The Fed’s Liquidity Confusion

The Fed’s Liquidity Confusion by Thomas L. Hogan  for AIER

The most essential function of the Federal Reserve is to provide money, or liquidity, to the financial system. The Fed is responsible for ensuring that the supply of money is equal to the total amount demanded. It is not responsible, however, for ensuring that each company and municipal government has sufficient cash to meet its obligations.

Fed Chair Jerome Powell recently testified to Congress regarding the Fed’s response to the coronavirus outbreak and lockdown. In addition to cutting interest rates to near zero, Powell described the Fed’s “forceful measures in four areas:”

1. Open market operations in financial markets

2. Programs to support short-term funding markets

3. Encouraging banks to increase lending

4. Providing credit to households, businesses, and state and local governments

The first three areas listed by Powell deal with financial market liquidity and thus lie within the territory of a prudent central bank. The fourth area does not.

The Fed’s broadest form of liquidity provision involves supplying money to the economy. The Fed attempts to influence money in the economy so that the quantity supplied is equal to that demanded for economic transactions. To help promote stability in the financial system, the Fed also supports financial market liquidity by buying and selling securities and encouraging companies to lend to one another.

A third type of liquidity, known as “balance sheet liquidity” or “asset liquidity,” has to do with the salability of bank assets. The Fed’s website describes this type of liquidity as “the cash and other assets banks have available to quickly pay bills and meet short-term business and financial obligations.” Bank deposits can be withdrawn at any time, so banks must maintain adequate cash reserves to meet these potential liquidity needs.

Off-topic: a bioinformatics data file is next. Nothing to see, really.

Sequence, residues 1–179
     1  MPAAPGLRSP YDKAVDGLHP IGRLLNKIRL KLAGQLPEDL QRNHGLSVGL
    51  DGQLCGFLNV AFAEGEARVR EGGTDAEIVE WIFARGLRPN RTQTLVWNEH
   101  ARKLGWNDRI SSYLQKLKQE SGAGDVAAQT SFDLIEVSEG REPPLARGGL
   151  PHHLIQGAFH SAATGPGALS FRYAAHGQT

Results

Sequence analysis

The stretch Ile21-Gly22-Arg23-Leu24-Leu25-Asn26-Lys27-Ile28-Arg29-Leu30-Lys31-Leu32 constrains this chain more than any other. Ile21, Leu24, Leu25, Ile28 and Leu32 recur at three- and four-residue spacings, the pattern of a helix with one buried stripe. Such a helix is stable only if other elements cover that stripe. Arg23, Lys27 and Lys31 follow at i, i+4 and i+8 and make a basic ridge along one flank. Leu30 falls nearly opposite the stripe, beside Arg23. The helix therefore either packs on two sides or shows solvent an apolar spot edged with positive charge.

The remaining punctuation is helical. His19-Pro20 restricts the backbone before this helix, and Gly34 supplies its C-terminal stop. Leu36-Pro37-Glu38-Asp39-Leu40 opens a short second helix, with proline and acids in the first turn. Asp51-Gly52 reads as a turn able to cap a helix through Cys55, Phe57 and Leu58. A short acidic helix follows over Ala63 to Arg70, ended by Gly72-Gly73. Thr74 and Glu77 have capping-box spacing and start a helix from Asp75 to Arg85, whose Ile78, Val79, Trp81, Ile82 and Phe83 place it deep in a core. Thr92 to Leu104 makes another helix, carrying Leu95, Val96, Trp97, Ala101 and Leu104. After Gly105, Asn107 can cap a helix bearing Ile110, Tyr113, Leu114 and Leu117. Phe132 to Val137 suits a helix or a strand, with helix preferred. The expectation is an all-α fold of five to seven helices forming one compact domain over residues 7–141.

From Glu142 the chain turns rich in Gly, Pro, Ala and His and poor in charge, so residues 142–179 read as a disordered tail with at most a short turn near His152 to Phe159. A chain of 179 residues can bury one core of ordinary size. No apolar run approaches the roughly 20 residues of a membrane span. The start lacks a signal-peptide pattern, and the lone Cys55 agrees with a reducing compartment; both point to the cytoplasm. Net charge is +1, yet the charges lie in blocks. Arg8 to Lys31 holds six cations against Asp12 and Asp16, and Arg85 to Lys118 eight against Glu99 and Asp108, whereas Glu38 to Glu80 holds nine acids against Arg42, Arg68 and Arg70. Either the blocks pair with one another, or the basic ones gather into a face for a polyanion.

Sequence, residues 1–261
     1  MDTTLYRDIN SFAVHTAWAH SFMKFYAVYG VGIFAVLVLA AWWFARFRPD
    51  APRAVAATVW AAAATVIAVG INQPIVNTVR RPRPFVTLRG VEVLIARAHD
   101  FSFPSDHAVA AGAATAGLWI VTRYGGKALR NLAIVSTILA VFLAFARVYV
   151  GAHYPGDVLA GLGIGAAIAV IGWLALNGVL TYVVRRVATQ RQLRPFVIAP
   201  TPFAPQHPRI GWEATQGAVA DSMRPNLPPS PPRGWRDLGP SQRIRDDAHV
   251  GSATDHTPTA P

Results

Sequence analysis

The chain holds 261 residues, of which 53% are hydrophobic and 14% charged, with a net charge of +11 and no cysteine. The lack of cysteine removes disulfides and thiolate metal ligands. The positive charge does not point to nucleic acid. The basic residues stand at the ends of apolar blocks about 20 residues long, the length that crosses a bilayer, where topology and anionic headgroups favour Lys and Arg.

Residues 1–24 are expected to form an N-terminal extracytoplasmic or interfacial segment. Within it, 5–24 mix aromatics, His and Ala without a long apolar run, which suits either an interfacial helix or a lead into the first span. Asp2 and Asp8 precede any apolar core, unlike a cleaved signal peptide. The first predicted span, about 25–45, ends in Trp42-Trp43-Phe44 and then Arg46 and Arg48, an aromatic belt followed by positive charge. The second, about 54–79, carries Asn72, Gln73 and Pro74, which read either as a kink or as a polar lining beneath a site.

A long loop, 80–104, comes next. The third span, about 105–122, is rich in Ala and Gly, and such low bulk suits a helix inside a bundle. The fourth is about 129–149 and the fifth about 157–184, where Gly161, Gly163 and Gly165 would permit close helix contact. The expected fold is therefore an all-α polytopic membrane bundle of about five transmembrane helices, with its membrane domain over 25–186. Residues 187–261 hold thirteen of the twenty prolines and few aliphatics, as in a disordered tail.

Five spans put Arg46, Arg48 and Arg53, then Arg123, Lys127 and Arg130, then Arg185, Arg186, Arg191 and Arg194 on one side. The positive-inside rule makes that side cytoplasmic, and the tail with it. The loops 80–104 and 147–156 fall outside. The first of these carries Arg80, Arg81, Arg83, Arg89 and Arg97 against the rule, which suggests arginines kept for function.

Bank liquidity is also important from an economic perspective. It enables lending, which allows the economy to function and grow. In addition to providing liquidity to the economy and financial markets, the Fed supports liquidity in the banking system by regulating banks’ liquid asset holdings and, when necessary, lending to banks directly.

In contrast, lending to nonbank companies does not improve liquidity in the financial system. Unlike banks, nonbank companies do not generally lend money to other companies. Hence, lending to nonbank companies does not promote credit or increase liquidity in the broader economy. For this reason, the Fed has historically refrained from lending to nonbank companies except on rare occasions when a company has direct ties to the banking system.

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